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Software Implementations of RAID
Windows Server 2003 supports one RAID implementation (striped, RAID-0) that is not fault-tolerant and two implementations that provide fault tolerance: mirrored volumes (RAID-1) and striped volumes with parity (RAID-5). You can create fault-tolerant RAID volumes only on dynamic disks formatted with NTFS. With Windows Server 2003 implementations of RAID, there is no fault tolerance following a failure until the fault is repaired. If a second fault occurs before the data lost from the first fault is regenerated, you can recover the data only by restoring it from a backup.

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Exam Tip

Questions about RAID on the Windows Server 2003 certification exams always refer to the software-based RAID supported by the operating system. If you are accustomed to working with hardware RAID, forget everything you know about it when you are presented with RAID questions: Focus on the implementation of RAID on Windows Server 2003.

Striped Volumes
A striped volume, which implements RAID Level 0, uses two or more disks and writes data to all disks at the same rate. By doing so, I/O requests are handled by multiple spindles, and read/write performance is the beneficiary. Striped volumes are popular for configurations in which performance and large storage area are critical, such as computer-aided design (CAD) and digital media applications.
Note
You might not experience a performance improvement on IDE unless you use separate controllers. Separate controllers—ideally, one for each drive—will improve performance by distributing I/O requests among controllers as well as among drives.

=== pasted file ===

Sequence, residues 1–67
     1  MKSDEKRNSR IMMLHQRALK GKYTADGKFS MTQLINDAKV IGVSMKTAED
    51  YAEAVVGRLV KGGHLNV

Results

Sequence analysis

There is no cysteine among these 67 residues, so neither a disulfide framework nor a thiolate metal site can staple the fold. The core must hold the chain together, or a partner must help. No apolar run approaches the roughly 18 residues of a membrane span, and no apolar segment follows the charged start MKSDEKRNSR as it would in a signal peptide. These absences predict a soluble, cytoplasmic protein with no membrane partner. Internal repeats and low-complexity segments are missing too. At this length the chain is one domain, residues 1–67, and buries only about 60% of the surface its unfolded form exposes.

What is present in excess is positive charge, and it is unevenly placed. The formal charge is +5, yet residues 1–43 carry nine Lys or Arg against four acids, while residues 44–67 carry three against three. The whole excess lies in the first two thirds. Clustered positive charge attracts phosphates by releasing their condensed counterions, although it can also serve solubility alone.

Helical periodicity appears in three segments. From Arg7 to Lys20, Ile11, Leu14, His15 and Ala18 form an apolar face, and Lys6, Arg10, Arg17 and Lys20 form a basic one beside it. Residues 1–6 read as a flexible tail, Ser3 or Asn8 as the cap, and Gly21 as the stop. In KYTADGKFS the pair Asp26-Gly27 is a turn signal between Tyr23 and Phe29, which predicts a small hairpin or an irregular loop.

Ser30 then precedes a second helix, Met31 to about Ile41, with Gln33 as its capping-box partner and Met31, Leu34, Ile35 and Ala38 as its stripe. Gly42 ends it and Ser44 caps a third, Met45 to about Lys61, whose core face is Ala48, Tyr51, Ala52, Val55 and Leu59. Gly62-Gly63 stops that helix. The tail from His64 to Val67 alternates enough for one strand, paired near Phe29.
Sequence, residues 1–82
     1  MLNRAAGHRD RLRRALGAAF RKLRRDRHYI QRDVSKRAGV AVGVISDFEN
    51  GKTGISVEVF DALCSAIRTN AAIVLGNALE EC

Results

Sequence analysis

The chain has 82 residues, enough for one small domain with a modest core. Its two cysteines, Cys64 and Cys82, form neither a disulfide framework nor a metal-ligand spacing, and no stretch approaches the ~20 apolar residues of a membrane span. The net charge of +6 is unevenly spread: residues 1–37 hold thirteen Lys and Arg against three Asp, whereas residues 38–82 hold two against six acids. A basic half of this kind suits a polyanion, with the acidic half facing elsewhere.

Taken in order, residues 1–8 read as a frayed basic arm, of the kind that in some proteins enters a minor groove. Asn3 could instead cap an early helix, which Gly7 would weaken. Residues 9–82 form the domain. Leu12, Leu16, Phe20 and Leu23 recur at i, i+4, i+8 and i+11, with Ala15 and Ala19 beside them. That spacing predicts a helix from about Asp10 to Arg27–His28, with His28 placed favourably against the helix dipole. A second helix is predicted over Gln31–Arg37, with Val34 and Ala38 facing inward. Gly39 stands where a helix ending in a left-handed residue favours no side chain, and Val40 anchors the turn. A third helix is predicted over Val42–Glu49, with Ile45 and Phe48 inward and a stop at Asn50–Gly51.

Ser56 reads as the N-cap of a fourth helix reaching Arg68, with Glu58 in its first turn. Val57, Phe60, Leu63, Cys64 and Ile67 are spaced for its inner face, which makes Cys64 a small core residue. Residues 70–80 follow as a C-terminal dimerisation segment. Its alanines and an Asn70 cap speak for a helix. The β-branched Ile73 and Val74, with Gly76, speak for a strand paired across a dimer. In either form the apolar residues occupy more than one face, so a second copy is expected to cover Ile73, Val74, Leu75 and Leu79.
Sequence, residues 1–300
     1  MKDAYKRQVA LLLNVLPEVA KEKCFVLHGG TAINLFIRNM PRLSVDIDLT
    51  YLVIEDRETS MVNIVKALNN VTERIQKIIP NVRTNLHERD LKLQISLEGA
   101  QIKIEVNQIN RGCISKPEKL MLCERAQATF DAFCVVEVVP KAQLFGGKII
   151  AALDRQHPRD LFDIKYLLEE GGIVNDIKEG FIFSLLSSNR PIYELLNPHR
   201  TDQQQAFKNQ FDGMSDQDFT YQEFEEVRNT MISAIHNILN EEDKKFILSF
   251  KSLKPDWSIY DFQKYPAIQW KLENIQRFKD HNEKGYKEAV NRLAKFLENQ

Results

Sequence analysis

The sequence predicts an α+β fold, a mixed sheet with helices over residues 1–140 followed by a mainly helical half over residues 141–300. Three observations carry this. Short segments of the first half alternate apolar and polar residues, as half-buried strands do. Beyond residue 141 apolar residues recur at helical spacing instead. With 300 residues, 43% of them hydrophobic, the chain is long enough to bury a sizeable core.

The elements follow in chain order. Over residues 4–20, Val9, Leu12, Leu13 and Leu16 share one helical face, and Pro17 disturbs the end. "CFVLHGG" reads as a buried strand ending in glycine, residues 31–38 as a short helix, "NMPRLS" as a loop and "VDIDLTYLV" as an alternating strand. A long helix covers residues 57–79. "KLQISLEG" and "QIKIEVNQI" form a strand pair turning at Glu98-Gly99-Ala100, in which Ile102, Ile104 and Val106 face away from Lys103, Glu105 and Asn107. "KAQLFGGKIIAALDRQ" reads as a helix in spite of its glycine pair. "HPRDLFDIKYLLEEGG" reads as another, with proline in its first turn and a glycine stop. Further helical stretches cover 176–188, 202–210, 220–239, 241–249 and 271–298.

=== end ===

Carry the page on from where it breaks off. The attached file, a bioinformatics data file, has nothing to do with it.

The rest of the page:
Creating a Striped Volume
To create a striped volume, you must have unallocated space on at least two dynamic disks. Right-click one of the spaces and choose Create Volume. The New Volume Wizard will step you through the process of selecting a striped volume and choosing other disk space to include in the volume. Striped volumes can be assigned a drive letter and folder paths. They can be formatted only with NTFS.

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Implementing RAID

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Up to 32 disks can participate in a striped volume. The amount of space used on each disk in the volume will be equal to the smallest amount of space on any one disk. For example, if Disk 1 has 200 GB of unallocated space, and Disk 2 has 120 GB of space, the striped volume can contain, at most, 240 GB because the size of the stripe on Disk 1 can be no greater than the size of the stripe on Disk 2. All disk space in the volume is used for data; there is no space used for fault tolerance.

Recovering a Striped Volume
Because data is striped over more than one physical disk, performance is enhanced, but fault tolerance is decreased—there is more risk because if any one drive in the volume fails, all data on the volume is lost. It is important